The Marvelous Crumb

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The Continual Dance of Letting Go

Hapuna Beach

The end of a glorious day at Hapuna Beach in Hawaii.

The art is not one of forgetting but letting go. And when everything else is gone, you can be rich in loss. –Rebecca Solnit

 

“Letting go is easy,” one of my meditation teachers once said.

He sat in front of a group of us who had gathered for the weekly dharma night teaching and pulled his keys out of his pocket. He held them for a brief second and then dropped them to the floor. “See,” he said. “It’s just like that.”

Just like what? It’s not that easy, I thought.

He did this over and over again – reaching, holding, dropping, reaching, holding, dropping …

It clearly took some effort for this elderly man to continually reach to the ground. His movements were awkward and uncomfortable.

Well, this is embarrassing, I remember thinking.

What is he doing?

Is anyone getting this?

Now, reflecting back, I clearly see what he was teaching.

What is your experience of letting go?

For me, it’s a bumpy ride.

When I discover I’m longing for another reality (if only I was different, if only that was different, if he were here, if I hadn’t said that, etc.) my first response is usually chagrin. There’s typically some embarrassment – some judgment. Why am I letting this get to me?

Then, if I’m lucky, my mindfulness practice kicks in. I’ll try to be gentle, remind myself that I am human and this natural. I ask myself, what is true? I bring myself back to my environment.

When things are particularly intense, sometimes I take a few breaths, phone a friend or go outside for a fresh perspective. This is the easy part.

Letting go is easy. It’s the doing it over and over again – revisiting the same drama you thought you took care of years ago – that’s the challenge.

It’s when these same stories keep reappearing, that I begin to feel frustrated. I immediately associate my inability to move on as inadequacy. I’m doing something wrong. I keep struggling; keep needing to re-ground myself only to arrive at the same truth I uncovered the last time this thought arose.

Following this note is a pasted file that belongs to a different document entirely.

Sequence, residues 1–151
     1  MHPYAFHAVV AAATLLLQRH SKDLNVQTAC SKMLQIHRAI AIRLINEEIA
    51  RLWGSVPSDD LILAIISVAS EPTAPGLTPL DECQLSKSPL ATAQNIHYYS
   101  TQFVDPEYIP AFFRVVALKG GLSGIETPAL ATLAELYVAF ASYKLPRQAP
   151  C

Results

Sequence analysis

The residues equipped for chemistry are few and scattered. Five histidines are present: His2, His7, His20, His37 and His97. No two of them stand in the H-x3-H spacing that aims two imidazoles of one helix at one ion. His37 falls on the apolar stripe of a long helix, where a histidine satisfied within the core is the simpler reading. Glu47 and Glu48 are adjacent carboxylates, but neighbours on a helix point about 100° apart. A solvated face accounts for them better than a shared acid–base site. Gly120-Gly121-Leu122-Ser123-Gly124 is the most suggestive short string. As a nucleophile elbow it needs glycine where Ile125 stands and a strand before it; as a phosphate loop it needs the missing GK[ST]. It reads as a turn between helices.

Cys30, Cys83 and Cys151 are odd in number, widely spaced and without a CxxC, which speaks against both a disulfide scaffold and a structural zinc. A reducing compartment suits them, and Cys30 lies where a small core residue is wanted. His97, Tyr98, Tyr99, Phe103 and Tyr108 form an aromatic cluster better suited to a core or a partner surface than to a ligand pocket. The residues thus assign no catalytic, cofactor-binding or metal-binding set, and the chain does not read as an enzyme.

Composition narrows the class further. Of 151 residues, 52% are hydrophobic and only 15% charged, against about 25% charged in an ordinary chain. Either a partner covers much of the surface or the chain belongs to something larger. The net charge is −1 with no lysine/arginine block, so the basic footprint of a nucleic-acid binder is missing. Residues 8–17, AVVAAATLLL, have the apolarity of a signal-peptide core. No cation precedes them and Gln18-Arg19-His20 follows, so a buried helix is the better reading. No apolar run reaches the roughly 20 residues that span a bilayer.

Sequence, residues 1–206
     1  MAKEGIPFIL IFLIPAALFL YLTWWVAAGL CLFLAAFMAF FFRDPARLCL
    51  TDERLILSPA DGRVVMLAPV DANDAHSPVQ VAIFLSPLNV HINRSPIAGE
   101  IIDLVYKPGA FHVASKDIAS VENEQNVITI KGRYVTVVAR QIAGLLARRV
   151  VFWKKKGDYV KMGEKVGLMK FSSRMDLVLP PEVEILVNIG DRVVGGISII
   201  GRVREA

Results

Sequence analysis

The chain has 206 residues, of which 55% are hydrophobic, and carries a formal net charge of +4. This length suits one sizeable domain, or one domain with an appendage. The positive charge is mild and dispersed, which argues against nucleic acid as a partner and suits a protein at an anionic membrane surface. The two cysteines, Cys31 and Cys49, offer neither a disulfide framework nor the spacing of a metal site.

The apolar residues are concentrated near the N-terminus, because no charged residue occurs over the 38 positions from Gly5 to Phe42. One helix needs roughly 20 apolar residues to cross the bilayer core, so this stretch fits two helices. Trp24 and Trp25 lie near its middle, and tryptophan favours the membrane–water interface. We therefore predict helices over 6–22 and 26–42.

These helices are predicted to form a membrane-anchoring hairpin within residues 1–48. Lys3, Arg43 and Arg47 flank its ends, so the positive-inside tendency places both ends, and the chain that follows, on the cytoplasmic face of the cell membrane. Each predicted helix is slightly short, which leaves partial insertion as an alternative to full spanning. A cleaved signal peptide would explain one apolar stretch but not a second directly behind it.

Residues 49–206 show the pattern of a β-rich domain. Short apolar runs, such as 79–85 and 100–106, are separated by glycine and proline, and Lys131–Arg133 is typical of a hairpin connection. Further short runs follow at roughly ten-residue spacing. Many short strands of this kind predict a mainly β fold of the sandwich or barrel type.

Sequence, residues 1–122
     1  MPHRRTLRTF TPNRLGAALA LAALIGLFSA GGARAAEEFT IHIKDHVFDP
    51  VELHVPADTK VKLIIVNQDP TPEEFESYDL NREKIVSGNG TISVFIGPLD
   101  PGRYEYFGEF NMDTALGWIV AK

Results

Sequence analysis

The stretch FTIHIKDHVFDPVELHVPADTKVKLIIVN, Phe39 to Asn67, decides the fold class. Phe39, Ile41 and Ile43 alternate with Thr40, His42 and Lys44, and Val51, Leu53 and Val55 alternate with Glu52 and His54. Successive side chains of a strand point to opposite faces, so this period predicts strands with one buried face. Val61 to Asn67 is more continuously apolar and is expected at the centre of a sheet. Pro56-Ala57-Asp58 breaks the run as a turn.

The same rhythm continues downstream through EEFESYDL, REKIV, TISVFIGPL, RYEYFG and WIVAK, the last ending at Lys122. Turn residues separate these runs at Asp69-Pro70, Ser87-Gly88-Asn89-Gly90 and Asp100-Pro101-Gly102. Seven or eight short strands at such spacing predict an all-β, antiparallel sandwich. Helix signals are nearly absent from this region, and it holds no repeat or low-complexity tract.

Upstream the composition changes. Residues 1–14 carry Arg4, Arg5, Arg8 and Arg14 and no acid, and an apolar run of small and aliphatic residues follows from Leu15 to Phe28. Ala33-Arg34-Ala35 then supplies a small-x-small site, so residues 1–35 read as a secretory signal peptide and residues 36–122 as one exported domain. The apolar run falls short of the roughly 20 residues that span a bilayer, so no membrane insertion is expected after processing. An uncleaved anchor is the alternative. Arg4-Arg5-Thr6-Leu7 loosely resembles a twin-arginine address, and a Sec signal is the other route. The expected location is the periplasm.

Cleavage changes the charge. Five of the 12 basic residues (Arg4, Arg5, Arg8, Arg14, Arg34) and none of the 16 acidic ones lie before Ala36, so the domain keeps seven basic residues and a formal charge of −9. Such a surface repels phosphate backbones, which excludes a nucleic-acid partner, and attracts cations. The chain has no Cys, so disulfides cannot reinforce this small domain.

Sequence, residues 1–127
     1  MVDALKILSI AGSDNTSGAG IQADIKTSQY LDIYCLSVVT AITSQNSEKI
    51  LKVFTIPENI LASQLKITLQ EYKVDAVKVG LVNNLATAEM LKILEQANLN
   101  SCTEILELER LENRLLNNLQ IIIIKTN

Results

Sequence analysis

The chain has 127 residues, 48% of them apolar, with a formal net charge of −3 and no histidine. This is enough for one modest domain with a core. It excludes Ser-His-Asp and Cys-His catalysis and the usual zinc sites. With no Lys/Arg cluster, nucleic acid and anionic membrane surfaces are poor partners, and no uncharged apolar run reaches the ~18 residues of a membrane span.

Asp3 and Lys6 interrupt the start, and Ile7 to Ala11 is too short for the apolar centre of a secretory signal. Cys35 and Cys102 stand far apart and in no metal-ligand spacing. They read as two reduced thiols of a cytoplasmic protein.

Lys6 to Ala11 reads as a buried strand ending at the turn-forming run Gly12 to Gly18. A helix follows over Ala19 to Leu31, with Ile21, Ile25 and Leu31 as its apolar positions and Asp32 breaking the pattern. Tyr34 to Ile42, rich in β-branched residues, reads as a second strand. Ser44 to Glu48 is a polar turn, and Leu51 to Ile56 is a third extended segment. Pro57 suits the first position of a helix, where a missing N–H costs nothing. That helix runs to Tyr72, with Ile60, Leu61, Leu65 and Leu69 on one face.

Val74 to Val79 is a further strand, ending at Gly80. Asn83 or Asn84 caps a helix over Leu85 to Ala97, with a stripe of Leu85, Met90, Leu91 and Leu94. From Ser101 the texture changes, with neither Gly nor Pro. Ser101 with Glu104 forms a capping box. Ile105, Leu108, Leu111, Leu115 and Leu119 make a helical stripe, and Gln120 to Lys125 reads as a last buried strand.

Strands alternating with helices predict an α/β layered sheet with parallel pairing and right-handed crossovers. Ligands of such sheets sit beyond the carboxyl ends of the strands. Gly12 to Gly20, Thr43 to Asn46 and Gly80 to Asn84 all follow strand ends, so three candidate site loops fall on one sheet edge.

Have a grown at all?
What am I doing wrong?
Is there a book I need to read?
Will I ever I truly release this thing that has a hold over me?

The body knows

 We live in a culture of to-do lists and checkboxes. We want our letting go to fit neatly into this linear frame. Problem. Solution. Next. This is progress. This is growth. This is #winning.

But we forget that this is not the way of our cyclical yet ever-changing world and it’s not the way of our cyclical yet ever changing bodies.

The reaching, the holding, the dropping, it’s awkward, it’s uncomfortable and it’s the dance we’re designed to do. We fall into it like a needle in the groove of a well-worn record. This is the body’s natural process of letting go. There’s nothing wrong here. We will keep reaching to reclaim whatever is dropped until it no longer registers as “lost.”

This is the dance of letting go

What does Rebecca Solnit mean by “rich in loss?” I can only think that it’s an additive perspective. It’s where we arrive after touching over and over again the pain of letting go. In this place we think not about the story, the wish, the relationship, the thing, but rather what has been gained through the process of continually letting it go. It’s the lesson learned, the special moments remembered, the confidence gained, the empathy uncovered.

When my grandmother passed away suddenly and unexpectedly, I wailed. I rode my waves of sadness on a flimsy raft feeling insignificant at the enormity of my grief. She was gone. How could it be? The things we would never do, the trips we would never plan, the restaurants we would never critique. She wanted to see the ocean.

I touched that pain over and over. I was not ready to let go. But that touching brought forth the relationship I have with my grandmother now. When I think about her, I don’t think of loss, though I still miss her, I think of the gift of her unconditional love and the simple, yet magic moments we shared like sitting on her couch watching HGTV and eating chocolate ice cream bars. We did that a lot.

An appreciation surfaces — some wisdom is uncovered as our hands time and time again pick up the keys. Though repetitive and exhausting, it’s through this process that we wear through the sticky quality of these struggles to uncover the gifts they carry that have just been waiting to offer their richness.

An Invitation: Drop your Keys
We can learn to “let go” in our mind, but we vastly deepen our understanding of this teaching when we also learn to let go in the body.

What “letting go” is working on you?
A relationship?
A frustration with yourself or your life?”
Anger or resentment?
Stress?

Choose one to work on this week.

 When it arrives pick up an object, any object. Put all of your longing for a different reality into this object. Hold it. Hold on tight. Feel it. And then, with little fanfare let it drop. Hear the sound it makes when it hits the ground. What do you feel? Notice your breath. Do you believe you’ve let go? Do this over and over until the practice feels tedious. This is how you know it’s doing something.

4 Comments

  1. Love this insightful perspective on letting go – simple, generous & without judgement for the process. Thank you Kelsey!

  2. Kelsey, thank you so much for this post. Such helpful imagery around letting go and letting our bodies experience the sensation of letting go. This is something I continue to work on and your perceptions and observations are wonderfully helpful. Blessings and hugs!

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